JEFFREY BROWN: Hurricane Alex was mostly history today, but its after-effects kept oil spill cleanup crews in port once again. As they waited to get back to work, the gusher in the Gulf reached a new milestone.
White-capped waves continued to buffet the Texas coast today, hours after the hurricane hit. Northern Mexico got the worst of the storm last night, with two people killed and the city of Monterrey largely shut down. Hundreds of miles to the east, the Gulf of Mexico was still too churned up today for oil-skimming boats or boom-laying operations.
In Washington, the man overseeing operations, Thad Allen, said they're waiting for the all-clear. He spoke at the White House a day after retiring as a coast guard admiral.
ADMIRAL THAD ALLEN, national incident commander: The small vessels that do the skimming have a difficult time operating out there. We had to pull them back. Same with the vessels operating in and around the well site itself. The drilling rigs were able to continue, but we are now massing our forces to be able to move right back out once the weather will allow us to get out on the water and skim.
JEFFREY BROWN: All indications were, the crews will have to wait a while yet. High waves as far away as Florida pushed oil past protective booms and on to beaches.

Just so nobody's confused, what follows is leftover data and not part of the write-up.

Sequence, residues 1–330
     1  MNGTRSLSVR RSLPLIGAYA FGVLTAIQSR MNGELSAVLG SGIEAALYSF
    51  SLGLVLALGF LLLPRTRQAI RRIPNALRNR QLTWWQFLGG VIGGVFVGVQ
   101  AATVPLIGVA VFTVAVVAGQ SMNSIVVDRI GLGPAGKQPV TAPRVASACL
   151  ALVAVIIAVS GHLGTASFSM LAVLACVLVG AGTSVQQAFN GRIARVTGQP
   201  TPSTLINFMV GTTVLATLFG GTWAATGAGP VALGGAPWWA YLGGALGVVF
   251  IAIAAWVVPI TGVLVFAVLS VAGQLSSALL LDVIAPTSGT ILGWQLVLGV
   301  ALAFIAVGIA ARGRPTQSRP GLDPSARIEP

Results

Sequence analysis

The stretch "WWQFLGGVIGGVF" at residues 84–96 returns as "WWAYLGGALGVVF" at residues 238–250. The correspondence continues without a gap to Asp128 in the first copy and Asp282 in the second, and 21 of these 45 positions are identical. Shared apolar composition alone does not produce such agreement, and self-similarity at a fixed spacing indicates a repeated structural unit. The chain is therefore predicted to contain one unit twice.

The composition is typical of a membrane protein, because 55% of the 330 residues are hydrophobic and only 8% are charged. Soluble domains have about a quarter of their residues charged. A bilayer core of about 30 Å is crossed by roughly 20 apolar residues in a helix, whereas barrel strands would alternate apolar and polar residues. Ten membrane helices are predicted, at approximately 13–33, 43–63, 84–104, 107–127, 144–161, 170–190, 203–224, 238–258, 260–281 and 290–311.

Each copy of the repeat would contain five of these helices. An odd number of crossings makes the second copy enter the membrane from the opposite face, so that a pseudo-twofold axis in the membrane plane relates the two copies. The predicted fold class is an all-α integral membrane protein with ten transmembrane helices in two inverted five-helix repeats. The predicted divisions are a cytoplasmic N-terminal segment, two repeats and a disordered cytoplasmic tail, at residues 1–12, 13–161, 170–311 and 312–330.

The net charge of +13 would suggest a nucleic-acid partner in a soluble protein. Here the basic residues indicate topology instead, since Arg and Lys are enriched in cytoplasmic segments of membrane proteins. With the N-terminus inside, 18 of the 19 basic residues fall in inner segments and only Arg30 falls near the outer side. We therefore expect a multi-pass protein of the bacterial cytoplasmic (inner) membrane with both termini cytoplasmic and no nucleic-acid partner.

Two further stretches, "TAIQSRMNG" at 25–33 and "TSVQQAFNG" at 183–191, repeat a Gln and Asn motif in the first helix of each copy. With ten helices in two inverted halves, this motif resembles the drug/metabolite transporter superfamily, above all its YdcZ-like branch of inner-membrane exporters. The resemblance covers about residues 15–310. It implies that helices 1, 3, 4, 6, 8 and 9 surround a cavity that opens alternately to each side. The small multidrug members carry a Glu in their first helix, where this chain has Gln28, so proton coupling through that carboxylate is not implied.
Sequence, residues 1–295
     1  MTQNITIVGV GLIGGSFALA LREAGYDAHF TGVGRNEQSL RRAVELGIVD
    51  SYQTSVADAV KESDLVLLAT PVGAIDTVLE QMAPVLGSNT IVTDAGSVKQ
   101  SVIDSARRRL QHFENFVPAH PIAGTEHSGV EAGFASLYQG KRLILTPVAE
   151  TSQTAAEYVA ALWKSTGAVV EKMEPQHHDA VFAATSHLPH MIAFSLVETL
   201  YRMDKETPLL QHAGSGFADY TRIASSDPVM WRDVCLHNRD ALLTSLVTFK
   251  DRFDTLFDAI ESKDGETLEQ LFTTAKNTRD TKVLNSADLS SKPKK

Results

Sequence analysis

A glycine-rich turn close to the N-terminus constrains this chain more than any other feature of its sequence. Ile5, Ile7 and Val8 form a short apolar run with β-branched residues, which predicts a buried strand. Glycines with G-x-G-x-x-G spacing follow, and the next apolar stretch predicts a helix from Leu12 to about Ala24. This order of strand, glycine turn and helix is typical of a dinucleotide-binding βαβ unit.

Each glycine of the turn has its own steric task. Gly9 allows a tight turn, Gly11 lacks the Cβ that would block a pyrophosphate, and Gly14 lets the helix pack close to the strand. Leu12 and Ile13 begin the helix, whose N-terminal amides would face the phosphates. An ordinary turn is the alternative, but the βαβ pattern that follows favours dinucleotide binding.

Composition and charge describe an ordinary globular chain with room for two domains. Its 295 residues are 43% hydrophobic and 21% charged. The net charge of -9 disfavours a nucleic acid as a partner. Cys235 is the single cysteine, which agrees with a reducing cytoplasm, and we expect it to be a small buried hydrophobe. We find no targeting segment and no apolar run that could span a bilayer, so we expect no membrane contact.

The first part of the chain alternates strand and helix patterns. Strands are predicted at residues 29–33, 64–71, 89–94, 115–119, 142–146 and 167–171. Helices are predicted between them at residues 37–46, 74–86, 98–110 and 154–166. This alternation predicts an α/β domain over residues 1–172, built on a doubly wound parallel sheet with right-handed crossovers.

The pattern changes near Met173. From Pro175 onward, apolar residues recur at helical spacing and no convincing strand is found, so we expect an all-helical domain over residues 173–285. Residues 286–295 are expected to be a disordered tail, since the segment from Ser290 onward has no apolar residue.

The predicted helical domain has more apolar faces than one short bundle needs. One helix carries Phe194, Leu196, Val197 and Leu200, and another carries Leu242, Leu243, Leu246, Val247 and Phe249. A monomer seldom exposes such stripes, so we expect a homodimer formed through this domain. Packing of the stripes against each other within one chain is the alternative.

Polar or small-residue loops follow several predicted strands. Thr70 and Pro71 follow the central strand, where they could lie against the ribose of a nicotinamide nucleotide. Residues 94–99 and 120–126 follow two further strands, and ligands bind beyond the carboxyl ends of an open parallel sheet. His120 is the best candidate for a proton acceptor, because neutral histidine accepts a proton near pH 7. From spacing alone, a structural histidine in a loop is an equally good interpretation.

The weather didn't prevent a huge oil skimming ship dubbed the A Whale from arriving at the spill site today. The former tanker was on its first mission after being retrofitted into the world's largest oil skimmer. The hope is that it will soon gather 21 million gallons of oily water a day.
ADMIRAL THAD ALLEN: The owners made an offer to bring it down at their expense and have it operate in the Gulf area to see if it could be effective. We have worked with EPA and other regulatory agencies to give it a go, and it's down in the area. It will be ready to operate in a couple of days.
JEFFREY BROWN: As if to underscore the need for giant skimmers, new estimates today put the spill as the largest ever in the Gulf of Mexico. Based on the high end of government figures, more than 140 million gallons of crude have spewed into the Gulf since the Deepwater Horizon rig exploded and sank in April.
That eclipses a spill off the Mexican coast in 1979 and 1980.